Water is present everywhere, under the earth's eyes, on mountains, even in animals, plants and us – humans. A normal body has about 55-60% water, the difference depends on the amount of fat, age, gender, …
When born, the body contains more water with 75% water. The water content in the young body drops to 65% when they are one. So what role does water play for our bodies and how much water is needed to stay healthy?
The role of water for the body
The H2O molecule in the body works to lubricate and cushion joints, regulate body temperature and nourish the brain and spinal cord.
Water is not only in the blood. The brain and heart of an adult has 3/4 of water, the lungs contain 83% of water. Even the bones seem so dry, there are 31% water. In general our bodies contain too much water and water, so why do we still need to drink plenty of water?
Every day, we lose 2 to 3 liters of water for basic functions to survive including sweat, urination, defecation, even breathing, so we need to compensate for the loss of water. We need to maintain a balanced amount of water, avoid dehydration or excess water as both can have serious effects on the body.
Harmful effects of dehydration and excess water
As soon as the water shortage is detected, the hypothalamus receptors send signals to release the antidiuretic hormone. When they reach the kidneys, they create Aquaporin, also called water channels (membrane proteins, which transport water between cells), which allow blood to absorb and retain more water, leading to to a darker and denser urine.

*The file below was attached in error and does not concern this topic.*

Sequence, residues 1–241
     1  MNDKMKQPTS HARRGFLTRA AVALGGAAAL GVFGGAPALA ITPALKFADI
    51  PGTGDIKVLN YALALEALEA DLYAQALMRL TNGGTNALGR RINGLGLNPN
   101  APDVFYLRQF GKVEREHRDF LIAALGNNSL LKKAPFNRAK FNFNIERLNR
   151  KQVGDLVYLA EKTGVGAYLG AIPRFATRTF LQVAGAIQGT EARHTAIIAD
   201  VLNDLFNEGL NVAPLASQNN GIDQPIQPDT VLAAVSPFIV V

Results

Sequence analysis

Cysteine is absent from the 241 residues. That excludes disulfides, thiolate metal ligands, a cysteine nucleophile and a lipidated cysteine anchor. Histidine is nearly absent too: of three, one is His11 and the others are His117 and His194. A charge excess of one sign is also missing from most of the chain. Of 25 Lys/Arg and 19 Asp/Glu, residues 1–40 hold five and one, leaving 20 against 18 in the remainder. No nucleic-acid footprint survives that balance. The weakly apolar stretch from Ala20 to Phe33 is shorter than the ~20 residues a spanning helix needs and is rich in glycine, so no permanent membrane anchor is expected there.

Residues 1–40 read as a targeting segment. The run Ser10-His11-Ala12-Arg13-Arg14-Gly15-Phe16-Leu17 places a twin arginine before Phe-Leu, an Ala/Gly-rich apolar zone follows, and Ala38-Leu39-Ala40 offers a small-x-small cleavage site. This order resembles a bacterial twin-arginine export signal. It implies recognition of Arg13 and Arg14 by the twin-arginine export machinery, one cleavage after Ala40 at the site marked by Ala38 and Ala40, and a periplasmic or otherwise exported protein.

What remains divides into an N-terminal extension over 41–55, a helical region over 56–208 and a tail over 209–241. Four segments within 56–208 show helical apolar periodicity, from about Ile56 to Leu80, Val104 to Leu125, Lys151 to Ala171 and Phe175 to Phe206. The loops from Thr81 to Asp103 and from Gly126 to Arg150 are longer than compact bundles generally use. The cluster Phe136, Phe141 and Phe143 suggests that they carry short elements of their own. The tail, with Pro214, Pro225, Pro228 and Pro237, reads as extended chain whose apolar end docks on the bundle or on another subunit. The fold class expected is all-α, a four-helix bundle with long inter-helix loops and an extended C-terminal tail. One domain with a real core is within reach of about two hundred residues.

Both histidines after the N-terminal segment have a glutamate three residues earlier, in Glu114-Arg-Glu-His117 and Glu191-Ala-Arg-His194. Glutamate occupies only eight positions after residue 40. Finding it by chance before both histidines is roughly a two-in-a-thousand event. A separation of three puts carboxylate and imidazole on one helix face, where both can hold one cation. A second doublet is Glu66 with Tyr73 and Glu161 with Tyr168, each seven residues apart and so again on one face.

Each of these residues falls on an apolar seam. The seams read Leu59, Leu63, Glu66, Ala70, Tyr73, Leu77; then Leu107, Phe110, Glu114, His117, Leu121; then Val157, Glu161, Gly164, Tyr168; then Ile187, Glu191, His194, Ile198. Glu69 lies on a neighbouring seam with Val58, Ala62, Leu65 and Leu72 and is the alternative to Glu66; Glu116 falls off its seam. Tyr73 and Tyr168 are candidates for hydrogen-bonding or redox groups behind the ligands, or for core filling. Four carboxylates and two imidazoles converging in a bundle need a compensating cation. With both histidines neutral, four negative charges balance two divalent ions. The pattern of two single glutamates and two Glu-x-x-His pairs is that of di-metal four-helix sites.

Severe dehydration can lead to bad moods, heat, dry skin, lower blood pressure, energy deficiency and signs of cognitive decline. The brain lacks water to work harder to complete the same amount of work than the normal brain, even, can temporarily shrink.
Excess water occurs when you drink too much water in a short time. Athletes are often victims of this condition, as it is difficult to control the amount of water when the body is active at high intensity.
When the body is active at high intensity, the brain lacks water, which stimulates the production of antidiuretic hormone, but instead of providing a sufficient amount of water, the athletes load an excessive amount of water immediately because of thirst. causing the brain to fail to react to stop hormone secretion, which leads to too much water retention in the body, dilute the electrolyte, causing the cells to swell and cause swelling.
In severe cases, because too much water shields the kidneys from being overloaded, water intoxication occurs, which can cause headaches, vomiting, even, seizures or death. It is quite rare, but there are still deaths in the world where more than 1.5 liters of water are taken within 1 hour and continuously for several hours.
How much water is needed to keep the body healthy
Maintaining adequate body water is quite easy in everyday life. The amount of water you need to drink every day depends largely on your body weight and environmental conditions around you. Men should drink 2.5 – 3.7 liters of water a day and women are about 2 – 2.7, this number may be higher or lower depending on age, health, frequency of exercise or weather hot.
If water is the most healthy and popular beverage, other drinks, although containing caffeine, such as coffee or tea, also rehydrate the body.
In addition, water in food also accounts for about one fifth of our water absorbed every day. Fruits and vegetables such as strawberries, cucumbers and broccoli are more than 90% water. They can provide water, nutrients and fiber at the same time.
Drinking enough water brings long-term benefits. Many studies show that drinking enough water reduces the risk of stroke, controlling diabetes and reducing the risk of certain cancers.
How about you? If you have any tips to help drink enough water every day, share in the comment section below, everyone believes in you!